And while we recognize winter as our signature season, we soon discovered that Stowe is an amazing place to live and visit in any of our distinct four seasons.  Moving here from Baltimore, Maryland, what struck me initially was the enthusiastic embrace of winter by the town, and of course, its visitors.  If you going to have winter, you might as well go all the way, right?  While we loved our experiences in Baltimore, winters there could be grey and wet most of the time.  Schools would close on a forecast of 4” of snow (and then not snow….).  Here, in Stowe, for many Fridays in the winter, the school kids get to experience Friday afternoons as a “Friday Program.”  The school buses line up at 11 a.m., picking up the students and the educational programs move to the slopes of Mt. Mansfield where the kids learn to ski or snowboard.  What a wonderful life, right?

The excitement we feel today when we see that first snowfall of the season or any of our several “freshies” (new snow over old) is just as strong today as it was in that first week of ownership, 7 years ago.  Much of the reason for this, I believe, is that we have the truly special opportunity to see and experience our winter landscape through the eyes of each and every guest (new and returning).  The dream remains strong through the opportunity to be of service to you, our guests.  Thank you all for supporting our dream over the past 7 years.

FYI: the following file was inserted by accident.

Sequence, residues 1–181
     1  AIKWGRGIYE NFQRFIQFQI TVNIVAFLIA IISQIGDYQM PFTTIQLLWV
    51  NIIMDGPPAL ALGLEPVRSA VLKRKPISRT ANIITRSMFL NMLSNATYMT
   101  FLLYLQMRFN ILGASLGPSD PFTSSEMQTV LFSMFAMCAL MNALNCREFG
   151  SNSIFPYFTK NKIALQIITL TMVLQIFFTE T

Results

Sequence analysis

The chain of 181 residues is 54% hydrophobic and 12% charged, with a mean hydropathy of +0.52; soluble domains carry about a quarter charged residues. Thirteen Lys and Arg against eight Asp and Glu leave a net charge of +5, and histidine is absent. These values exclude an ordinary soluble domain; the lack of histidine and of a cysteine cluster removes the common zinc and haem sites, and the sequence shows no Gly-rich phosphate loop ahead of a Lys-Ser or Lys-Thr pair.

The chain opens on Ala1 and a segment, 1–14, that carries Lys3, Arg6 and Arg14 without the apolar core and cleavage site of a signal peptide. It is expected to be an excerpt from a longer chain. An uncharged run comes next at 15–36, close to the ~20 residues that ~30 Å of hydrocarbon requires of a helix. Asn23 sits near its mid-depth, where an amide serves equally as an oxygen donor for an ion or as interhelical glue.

It has been a wonderful, enriching journey so far, and we are looking forward to what lies ahead.  Sign on a shop window viewed today; “Don’t look back, you’re not going that way.”

Happy Travels,

George

Giving Thanks

Giving Thanks

We are grateful for this opportunity to be here in Stowe, Vermont at the Brass Lantern Inn at all times and certainly at this time and season of the year.  We recognize that we are uniquely rewarded by the opportunity to welcome and host so many wonderful people from around this country and the world.